In addition to this review, the Ministry of Justice and the LSC are reviewing the current financial and governance frameworks to ensure that where there are any potential opportunities for immediate improvement, these are taken forward without delay.

2 Costs per head for "legal aid" are shown as much lower in most mainland European systems but their costs are not comparable with common law countries because the systems are so different and many costs attributed to legal aid in common law jurisdictions are subsumed within the total costs of the judicial systems in mainland Europe-see European Commission for the Efficiency of Justice: European Judicial Systems.

Northern Ireland: Equality Commission


Baroness Royall of Blaisdon: My right honourable friend the Secretary of State for Northern Ireland (Shaun Woodward) has made the following Ministerial Statement.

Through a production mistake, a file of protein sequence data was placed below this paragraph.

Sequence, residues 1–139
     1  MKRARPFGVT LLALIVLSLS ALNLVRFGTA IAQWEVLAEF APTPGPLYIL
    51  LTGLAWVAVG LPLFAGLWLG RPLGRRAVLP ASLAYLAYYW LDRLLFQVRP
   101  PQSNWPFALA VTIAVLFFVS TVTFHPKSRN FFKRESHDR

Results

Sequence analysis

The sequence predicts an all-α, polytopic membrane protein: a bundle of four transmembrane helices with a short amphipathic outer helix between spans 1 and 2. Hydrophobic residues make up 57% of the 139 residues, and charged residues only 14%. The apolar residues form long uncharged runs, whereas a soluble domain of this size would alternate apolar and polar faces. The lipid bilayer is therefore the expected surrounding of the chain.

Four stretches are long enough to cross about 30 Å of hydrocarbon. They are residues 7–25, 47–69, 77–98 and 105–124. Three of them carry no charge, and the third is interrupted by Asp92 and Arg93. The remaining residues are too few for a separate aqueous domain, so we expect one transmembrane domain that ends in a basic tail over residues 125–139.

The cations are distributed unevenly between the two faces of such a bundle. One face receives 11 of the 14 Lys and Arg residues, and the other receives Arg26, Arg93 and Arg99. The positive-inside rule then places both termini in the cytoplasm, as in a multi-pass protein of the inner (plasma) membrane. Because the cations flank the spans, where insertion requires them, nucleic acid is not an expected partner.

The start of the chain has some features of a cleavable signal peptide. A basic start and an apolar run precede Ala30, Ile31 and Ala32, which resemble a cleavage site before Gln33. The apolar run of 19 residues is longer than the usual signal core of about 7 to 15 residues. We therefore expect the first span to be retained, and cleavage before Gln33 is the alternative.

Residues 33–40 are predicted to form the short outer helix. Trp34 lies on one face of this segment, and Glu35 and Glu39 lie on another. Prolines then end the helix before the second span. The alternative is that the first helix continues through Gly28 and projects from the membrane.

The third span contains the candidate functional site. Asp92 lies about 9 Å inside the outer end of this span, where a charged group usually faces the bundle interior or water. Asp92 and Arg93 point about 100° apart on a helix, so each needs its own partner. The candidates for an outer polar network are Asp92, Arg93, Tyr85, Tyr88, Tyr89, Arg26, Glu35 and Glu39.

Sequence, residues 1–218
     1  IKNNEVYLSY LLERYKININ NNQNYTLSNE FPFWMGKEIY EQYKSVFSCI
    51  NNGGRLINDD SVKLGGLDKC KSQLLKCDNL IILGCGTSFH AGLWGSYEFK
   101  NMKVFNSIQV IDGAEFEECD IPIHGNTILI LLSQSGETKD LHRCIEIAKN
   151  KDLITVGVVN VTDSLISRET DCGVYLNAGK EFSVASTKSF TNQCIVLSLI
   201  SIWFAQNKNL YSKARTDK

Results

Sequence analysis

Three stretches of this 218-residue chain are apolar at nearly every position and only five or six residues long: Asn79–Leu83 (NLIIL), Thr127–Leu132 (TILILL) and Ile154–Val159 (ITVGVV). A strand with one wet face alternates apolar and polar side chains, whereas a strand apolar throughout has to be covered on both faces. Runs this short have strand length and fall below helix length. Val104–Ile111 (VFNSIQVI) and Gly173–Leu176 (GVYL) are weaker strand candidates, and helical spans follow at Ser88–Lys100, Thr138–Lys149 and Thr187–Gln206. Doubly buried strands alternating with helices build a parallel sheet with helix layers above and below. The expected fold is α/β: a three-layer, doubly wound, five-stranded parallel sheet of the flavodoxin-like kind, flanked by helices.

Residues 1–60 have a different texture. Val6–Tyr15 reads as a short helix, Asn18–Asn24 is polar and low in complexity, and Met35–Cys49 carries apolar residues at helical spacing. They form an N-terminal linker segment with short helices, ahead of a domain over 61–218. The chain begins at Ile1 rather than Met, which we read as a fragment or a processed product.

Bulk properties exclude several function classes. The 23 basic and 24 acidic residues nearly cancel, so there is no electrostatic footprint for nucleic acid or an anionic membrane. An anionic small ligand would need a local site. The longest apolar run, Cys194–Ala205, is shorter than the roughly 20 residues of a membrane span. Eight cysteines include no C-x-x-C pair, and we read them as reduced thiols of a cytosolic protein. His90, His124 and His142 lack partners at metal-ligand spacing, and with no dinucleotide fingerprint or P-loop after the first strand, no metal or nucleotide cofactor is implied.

I am pleased to announce the appointment of four new commissioners to the Equality Commission for Northern Ireland. Anna Carragher, Lyn McBriar, Dermot Nesbitt and Peter Sheridan took up office on 21 September 2009.

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Equality for all is at the heart of the Government's vision of a modern, fairer society.

The Equality Commission is a key institution of the Belfast agreement and plays a vital role in protecting and promoting equality for all members of our diverse society in Northern Ireland. The commission is now marking its 10th anniversary and it is facing new challenges, not least working with an increasingly diverse, multicultural society in a testing economic environment.

I am confident that the four new commissioners bring a wealth of knowledge, skills and understanding, helping the commission to meet the challenges ahead and build on their considerable achievements over the past 10 years.

Sri Lanka


The Minister for Europe (Baroness Kinnock of Holyhead): My right honourable friend the Secretary of State for Foreign and Commonwealth Affairs (David Miliband) has made the following Written Ministerial Statement.